Bruce Saves the Day
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Running a close second to counting the number of times Michael Westen (Jeffrey Donovan) begins a narrative voice-over on USA Network's Burn Notice with the phrase, "When you're a spy, you..."-- (seriously, it could be a drinking game if one was inclined)-- actor Bruce Campbell is the funniest part of basic cable's highest rated series.
Rio Bravo era John Wayne and Dean Martin meets latter-era Seinfeld Patrick Warburton styled charm and milks it for all its worth to winning effect that has garnered him fanboy cult worship for decades.
As the ultimate Campbell-phile, Jack Black stated in High Fidelity when going over a hypothetical statement with lovelorn John Cusack-- the answer to the statement of "I haven't seen Evil Dead 2 yet" is for Black to "say you were a cinematic idiot and I'd feel sorry for you."
To Campbell junkies like Jeffrey (Taylor Sharpe), the poster child of socially awkward fanboys everywhere, in Campbell's latest opus My Name is Bruce, "Bruce Campbell is the greatest actor of his generation." Instead of the WWJD bracelet, Jeffrey's mantra seems to be, "What would Bruce Campbell do?" nearly ousting his best friend Clayton from a moving car for dissing the man's B-movie career with the warning, "You don't like Bruce; you walk," and seconding that distinction with the disclaimer that "Everyone likes Bubba Ho-tep."
Now, it's probably at this point where I have to confess that not only have I never seen Bubba-Ho-tep, I'm not 100% sure I've even seen Evil Dead 2, although I know I caught at least some of the Sam Raimi and Bruce Campbell films in a high school friend's basement as he was always trying to steer me away from Francois Truffaut and Woody Allen to the pleasures of B-movie gore.
Yet, as a huge fan of martial arts movies that I could watch for days-- I'm no cinematic elitist and, having always been charmed by Campbell-- My Name is Bruce seemed like an ideal place to start, despite the warnings of some other film critics who were adamant in their warnings to the contrary.
In the film, he parodies the man, the myth, the Campbell by playing the absolute worst version of himself. In My Name is Bruce, "our" version of Bruce Campbell is as the uncouth actor who stars in the trashiest films known to man, meets his apathetic agent in a sleazy skin bar, lives in a trailer, gets drunk off the liquor he feeds his dog and then dials his ex-wife, managing to deliver the killer line, "can't a guy get bombed and call his ex-wife at three in the morning without it meaning something?" And the best part of it is-- for half a moment of hilarious illogic, we agree with him-- until that is, he moves on to say he misses the nonexistent kids he would've had had he not slept with twelve other people during their marriage.
Kiss of Death, Campbell-- who's told on set that his performance is very "Caligula meets The Apple Dumpling Gang," is so easily replaced on set that when he gets kidnapped by Jeffrey to help save his town from an unleashed Chinese God of War, the director simply tosses in a Bruce sized dummy to fill in for the fight scenes.
Brokeback Mountain and Asians will gasp in a stereotypical portrayal of an Asian in the vein of Breakfast At Tiffany's Mickey Rooney.
Evil Dead styled one-liners and the running gag that he mistakes the kidnapping for a birthday prank, going along on the mission to take down a War God as though it were all one big PR stunt crafted by his agent works very well.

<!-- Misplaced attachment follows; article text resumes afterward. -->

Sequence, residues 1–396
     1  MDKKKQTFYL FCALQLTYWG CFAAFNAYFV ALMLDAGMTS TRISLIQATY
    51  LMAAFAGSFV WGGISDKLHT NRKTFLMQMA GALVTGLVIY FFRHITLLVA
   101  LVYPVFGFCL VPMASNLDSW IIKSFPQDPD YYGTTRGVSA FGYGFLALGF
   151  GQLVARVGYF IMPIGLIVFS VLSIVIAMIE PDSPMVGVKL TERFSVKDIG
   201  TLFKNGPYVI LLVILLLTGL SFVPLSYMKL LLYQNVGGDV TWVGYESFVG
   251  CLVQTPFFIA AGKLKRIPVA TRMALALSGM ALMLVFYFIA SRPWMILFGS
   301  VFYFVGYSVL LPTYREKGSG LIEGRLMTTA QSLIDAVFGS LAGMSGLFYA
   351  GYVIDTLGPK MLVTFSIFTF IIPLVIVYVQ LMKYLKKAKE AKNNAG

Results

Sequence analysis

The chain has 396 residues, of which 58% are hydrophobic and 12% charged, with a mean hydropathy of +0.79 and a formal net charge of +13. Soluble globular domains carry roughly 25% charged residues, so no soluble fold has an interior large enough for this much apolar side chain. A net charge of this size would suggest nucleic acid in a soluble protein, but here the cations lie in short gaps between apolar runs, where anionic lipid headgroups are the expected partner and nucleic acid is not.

It's no Hot Fuzz but it's bolstered by some of the film's folksy small town characters including a great far-too-brief character Luigi the sign-painter who constantly has to change the population when the War God Guan-di begins slashing the residents of the mining community of Gold Lick.
Tropic Thunder), it's nonetheless an amusing if a bit unsuccessful in its horror set-up and at its best instead when dealing with as Clayton states "the whole Bruce Campbell factor."
Just as the title denotes, the Blu-ray itself is all about Bruce, featuring a gorgeous, high quality movie comic book (which in itself pays homage to the film's source material which was derived from the writers by the '40s comic books The Adventures of Alan Ladd which found the actor being kidnapped from sets to help others) that rivals the stunning high definition transfer of the film. Likewise, as it boasts on the box, the Blu is "loaded with groovy extras"-- including feature length commentary, four behind the scenes featurettes, and additional poster, props, and photo art.
One of the more entertaining extras is Heart of Dorkness-- The Making of My Name is Bruce which takes a satirical Coppola styled Apocalypse Now/Heart of Darkness approach in its hour long featurette (another joke used in Tropic Thunder's extras) as some friends of Campbell's put together an in-depth video diary of the making of the film, cutting it with fun subtitles and jokes throughout as they ridicule Campbell's long-winded soliloquies about his movie.
Yet, more than anything, "more Bruce," is precisely what I'm sure most of the fanboys want, having shown up in droves during Campbell's in-person publicity tour of twenty locations to do as he noted on his website "a spirited Q&A" session, "barring union strikes, hurricanes, flat tires or diphtheria"--that is. And while obviously he's managed to avoid diphtheria or you know that it'd be all over his blog and throughout cyberspace-- luckily Campbell fans can catch him in action both in the current run of Burn Notice on USA as well as when this Blu-ray and DVD hits shelves on Tuesday.
This is especially the case since unlike Westen's "When you're a spy" approach, "When you're Bruce Campbell," you're as many places as you can possibly be at once, getting things done, blowing stuff up, and saving the day.